The pathway of the partnership may determine how the horse responds in ‘scary’ situations. Many horses can be conditioned to behave a certain way within the confines of an arena or repetitive situation, but in times of uncertainty, the way the horse was trained often peaks through. Horses who are conditioned to look to their trainer for support are usually trained in a way that does not punish the question, or this type of communication. Horses who are unable to say ‘No’ or question their trainer or show very little response can be shut down, which is not a healthy mental state for a horse. There are many ideas on what training is and what is the ‘best’ way to train a horse. My approach to training is to maintain an open mind, continue my education and allow the horse to communicate (in a safe way or at a safe distance).

3. The Legacy of Work

In bygone eras, horses were essential partners in various forms of labor, from plowing fields to pulling carriages and assisting with law enforcement. These partnerships were built on trust and shared responsibilities. While the role of horses in work has evolved, the legacy of this partnership endures in various ways through a mindset that horses are there to ‘do a job’, that in some way they have entered into some sort of silent contract to allow their owner to do what they want in return for bed and board. This is quite a strange approach to horses in my experience, as horses have no choice about their owner, environment, or even what they are used for. Yes if the horse is not able to be used in the way the owner wishes, the horse is often blamed and punished which is an uneven power/punishment dynamic. I am very clear that I do not view horses in this way, I do not think it is possible to maintain a consent-based partnership in a slave/owner dynamic.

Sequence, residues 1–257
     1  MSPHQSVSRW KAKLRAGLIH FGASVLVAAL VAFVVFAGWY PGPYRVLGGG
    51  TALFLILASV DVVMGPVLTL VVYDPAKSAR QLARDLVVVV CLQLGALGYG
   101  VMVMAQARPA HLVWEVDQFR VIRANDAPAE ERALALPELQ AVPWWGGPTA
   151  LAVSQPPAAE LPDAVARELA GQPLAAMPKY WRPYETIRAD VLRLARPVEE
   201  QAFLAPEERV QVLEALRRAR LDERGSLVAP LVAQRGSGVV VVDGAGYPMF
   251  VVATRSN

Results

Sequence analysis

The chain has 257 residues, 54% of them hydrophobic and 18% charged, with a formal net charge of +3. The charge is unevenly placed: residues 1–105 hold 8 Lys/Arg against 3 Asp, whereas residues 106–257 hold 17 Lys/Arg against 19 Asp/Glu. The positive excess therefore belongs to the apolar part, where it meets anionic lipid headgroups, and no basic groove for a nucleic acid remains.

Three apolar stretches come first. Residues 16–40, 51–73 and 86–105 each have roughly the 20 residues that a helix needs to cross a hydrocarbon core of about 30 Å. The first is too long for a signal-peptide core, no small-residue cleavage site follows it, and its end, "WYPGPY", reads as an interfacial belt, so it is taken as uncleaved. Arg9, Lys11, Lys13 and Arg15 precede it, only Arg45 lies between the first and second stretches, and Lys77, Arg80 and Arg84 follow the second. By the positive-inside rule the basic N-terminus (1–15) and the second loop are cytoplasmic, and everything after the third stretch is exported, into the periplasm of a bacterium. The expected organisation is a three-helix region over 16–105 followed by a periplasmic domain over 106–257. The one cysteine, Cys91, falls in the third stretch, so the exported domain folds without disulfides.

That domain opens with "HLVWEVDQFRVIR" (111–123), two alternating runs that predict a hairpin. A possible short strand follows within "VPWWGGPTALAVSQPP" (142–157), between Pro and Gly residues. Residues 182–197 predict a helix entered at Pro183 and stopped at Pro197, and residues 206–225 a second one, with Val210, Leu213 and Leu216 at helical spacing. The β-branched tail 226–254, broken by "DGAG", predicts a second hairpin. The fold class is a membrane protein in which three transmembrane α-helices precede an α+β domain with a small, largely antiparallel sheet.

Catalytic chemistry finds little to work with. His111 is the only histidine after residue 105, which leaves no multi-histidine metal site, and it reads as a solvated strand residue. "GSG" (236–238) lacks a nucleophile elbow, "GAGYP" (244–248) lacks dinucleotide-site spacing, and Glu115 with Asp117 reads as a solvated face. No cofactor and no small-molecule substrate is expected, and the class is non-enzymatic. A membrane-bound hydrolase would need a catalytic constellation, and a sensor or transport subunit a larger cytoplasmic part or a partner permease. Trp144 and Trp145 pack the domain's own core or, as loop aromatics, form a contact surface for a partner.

4. Healing Through Horses